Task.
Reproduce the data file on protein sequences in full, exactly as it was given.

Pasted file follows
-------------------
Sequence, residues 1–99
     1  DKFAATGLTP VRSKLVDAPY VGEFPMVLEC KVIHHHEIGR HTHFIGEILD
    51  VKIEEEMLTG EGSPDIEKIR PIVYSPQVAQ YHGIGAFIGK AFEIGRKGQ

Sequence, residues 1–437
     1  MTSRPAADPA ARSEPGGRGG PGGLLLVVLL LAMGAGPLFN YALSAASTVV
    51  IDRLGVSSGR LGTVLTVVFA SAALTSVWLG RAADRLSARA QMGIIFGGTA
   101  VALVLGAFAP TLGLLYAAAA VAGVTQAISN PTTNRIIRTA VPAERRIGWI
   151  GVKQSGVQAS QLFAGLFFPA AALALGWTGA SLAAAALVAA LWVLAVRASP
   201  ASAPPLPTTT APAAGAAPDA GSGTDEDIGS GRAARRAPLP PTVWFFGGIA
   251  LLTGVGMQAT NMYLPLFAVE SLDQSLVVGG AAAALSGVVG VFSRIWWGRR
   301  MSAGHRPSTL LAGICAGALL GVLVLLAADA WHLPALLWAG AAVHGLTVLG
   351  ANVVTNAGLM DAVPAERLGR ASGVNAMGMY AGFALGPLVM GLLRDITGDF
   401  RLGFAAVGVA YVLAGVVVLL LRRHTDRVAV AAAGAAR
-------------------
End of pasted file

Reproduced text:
Sequence, residues 1–99
     1  DKFAATGLTP VRSKLVDAPY VGEFPMVLEC KVIHHHEIGR HTHFIGEILD
    51  VKIEEEMLTG EGSPDIEKIR PIVYSPQVAQ YHGIGAFIGK AFEIGRKGQ

Sequence, residues 1–437
     1  MTSRPAADPA ARSEPGGRGG PGGLLLVVLL LAMGAGPLFN YALSAASTVV
    51  IDRLGVSSGR LGTVLTVVFA SAALTSVWLG RAADRLSARA QMGIIFGGTA
   101  VALVLGAFAP TLGLLYAAAA VAGVTQAISN PTTNRIIRTA VPAERRIGWI
   151  GVKQSGVQAS QLFAGLFFPA AALALGWTGA SLAAAALVAA LWVLAVRASP
   201  ASAPPLPTTT APAAGAAPDA GSGTDEDIGS GRAARRAPLP PTVWFFGGIA
   251  LLTGVGMQAT NMYLPLFAVE SLDQSLVVGG AAAALSGVVG VFSRIWWGRR
   301  MSAGHRPSTL LAGICAGALL GVLVLLAADA WHLPALLWAG AAVHGLTVLG
   351  ANVVTNAGLM DAVPAERLGR ASGVNAMGMY AGFALGPLVM GLLRDITGDF
   401  RLGFAAVGVA YVLAGVVVLL LRRHTDRVAV AAAGAAR